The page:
Volume 19 Number 3
Overcoming the Stigma
01 June 2006
Richard Shrubb describes his battle with mental illness and public perceptions.
I AM RUNNING toward the end of a media course in Cornwall, England. My tenancy in my student house is coming to an end, but nothing to worry about since a top news organisation has shown great interest in taking me on. Life rocks and the music is getting louder.
I’ve been doing a large part of my thesis in a coffee shop in Falmouth. The day I get the dizzying news of acceptance at the news organisation, I tell the coffee shop owner that at last someone with paranoid schizophrenia has made it into a position where he can publicly fight the stigma against mental illness. Rather than congratulations I am made to feel extremely unwelcome. In short order the news organisation finds out about my history and finds an excuse to renege on the offer.
Although by attaining my degree I have broken through the glass ceiling over Britain’s untouchables, I gash my neck on the shards all too often.
I was in a stressful situation from about 1982 to my breakdown in 1996. I was eight when I started to commute to school in the UK from the US. Dad left Mum and took a posting in the Falklands in ‘86. A year later he returned with the RAF doctor who would become his new wife. I started at a military school that I recall with jaundice, and returned to the States in ‘93 to misbehave for a year aboard a US sail-training ship. The only thing I didn’t do out there was take drugs.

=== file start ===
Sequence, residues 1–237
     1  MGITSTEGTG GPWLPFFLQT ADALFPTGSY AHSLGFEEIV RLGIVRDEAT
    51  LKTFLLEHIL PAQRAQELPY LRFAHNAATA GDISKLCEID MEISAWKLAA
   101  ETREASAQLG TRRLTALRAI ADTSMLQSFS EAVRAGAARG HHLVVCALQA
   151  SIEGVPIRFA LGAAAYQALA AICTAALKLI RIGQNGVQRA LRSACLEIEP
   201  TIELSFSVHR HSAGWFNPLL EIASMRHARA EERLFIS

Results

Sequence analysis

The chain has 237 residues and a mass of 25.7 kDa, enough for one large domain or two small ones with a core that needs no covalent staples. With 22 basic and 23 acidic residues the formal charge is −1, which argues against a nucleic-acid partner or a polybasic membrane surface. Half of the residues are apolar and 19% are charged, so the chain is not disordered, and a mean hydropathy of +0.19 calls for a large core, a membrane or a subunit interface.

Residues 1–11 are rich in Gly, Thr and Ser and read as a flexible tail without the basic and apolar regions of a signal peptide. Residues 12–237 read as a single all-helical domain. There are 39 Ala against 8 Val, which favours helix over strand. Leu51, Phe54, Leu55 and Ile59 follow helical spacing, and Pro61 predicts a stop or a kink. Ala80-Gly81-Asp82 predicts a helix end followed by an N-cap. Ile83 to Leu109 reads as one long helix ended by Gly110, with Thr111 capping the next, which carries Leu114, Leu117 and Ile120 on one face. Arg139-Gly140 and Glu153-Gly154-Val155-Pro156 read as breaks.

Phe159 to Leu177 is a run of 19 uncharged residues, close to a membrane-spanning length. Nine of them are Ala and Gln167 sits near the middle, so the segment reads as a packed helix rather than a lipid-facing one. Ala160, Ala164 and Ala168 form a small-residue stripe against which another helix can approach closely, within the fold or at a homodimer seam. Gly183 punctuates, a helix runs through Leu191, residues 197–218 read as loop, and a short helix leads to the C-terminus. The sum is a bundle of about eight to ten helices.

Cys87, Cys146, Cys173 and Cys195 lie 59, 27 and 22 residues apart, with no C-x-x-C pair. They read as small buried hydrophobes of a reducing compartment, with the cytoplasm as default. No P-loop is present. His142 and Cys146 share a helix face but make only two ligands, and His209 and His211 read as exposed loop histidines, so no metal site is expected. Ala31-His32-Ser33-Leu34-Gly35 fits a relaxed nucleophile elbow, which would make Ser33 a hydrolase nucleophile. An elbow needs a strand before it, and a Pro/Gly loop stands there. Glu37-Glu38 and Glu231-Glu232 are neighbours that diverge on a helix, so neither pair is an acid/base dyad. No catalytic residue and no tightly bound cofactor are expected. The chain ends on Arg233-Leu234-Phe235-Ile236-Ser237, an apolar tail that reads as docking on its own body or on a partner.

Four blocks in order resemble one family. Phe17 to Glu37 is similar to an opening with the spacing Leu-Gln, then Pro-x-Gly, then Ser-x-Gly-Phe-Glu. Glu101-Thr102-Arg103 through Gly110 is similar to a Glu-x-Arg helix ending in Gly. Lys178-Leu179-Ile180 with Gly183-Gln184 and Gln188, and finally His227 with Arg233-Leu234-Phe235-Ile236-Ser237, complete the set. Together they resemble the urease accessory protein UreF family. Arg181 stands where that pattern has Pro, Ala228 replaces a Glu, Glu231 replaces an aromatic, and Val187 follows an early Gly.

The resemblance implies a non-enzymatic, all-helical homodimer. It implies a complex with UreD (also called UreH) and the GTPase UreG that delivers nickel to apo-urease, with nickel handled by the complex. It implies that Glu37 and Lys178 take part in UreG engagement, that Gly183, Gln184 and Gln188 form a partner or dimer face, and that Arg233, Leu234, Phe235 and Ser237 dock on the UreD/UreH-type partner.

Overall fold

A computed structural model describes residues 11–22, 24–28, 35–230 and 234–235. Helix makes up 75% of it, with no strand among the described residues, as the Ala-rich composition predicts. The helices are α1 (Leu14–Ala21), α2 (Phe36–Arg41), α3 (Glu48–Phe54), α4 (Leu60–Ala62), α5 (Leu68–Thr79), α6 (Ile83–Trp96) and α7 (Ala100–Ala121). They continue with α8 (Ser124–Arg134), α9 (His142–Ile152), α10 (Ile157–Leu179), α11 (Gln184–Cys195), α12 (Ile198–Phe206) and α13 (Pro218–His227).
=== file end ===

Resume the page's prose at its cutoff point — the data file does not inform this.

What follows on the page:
So, I took drugs at university in Southampton. Smoking and eating cannabis, taking LSD and psilocybin mushrooms. Having good trips—but also bad ones.I completed my first degree in ‘97. I almost went to jail at the time of my finals, and moved to Bristol whilst facing weekly court adjournments in Southampton. In March ‘99 I was in my second bed-sit, and had found it impossible to get work for six months....
I told Dad that I had been running the air war over Serbia via my special radio set, which could broadcast across Europe. Two days later I had a longstanding appointment with my GP—Dad managed to speak to her without me knowing. Consequently I thought she was sent by the government to offer me a career in the secret service!
She set up a meeting with two psychiatrists and a nurse—the quorum of professionals required, I was later to find out, to admit me into residential hospital under the Mental Health Act. I negotiated a compromise, and began seven months at a day hospital there, visiting five days a week and undergoing drug and talking therapy.
The mental health system looks after one’s welfare too. A social worker helped me apply for halfway-house accommodation and I was put on disability benefits. For the first time since the age of 16 I started to put on weight from being relaxed and, though not happy, I was certainly on the up.
I moved into a shared house for psychiatric patients. The organisation that runs it is now one of the biggest social and sheltered housing providers in Bristol, Second Step. Though living independently, we had two hours of talking therapy a week with a Second Step employee. I had two hours a month with my psychiatric consultant, one hour a week with my community care worker and spent time at the NHS alcohol rehab unit.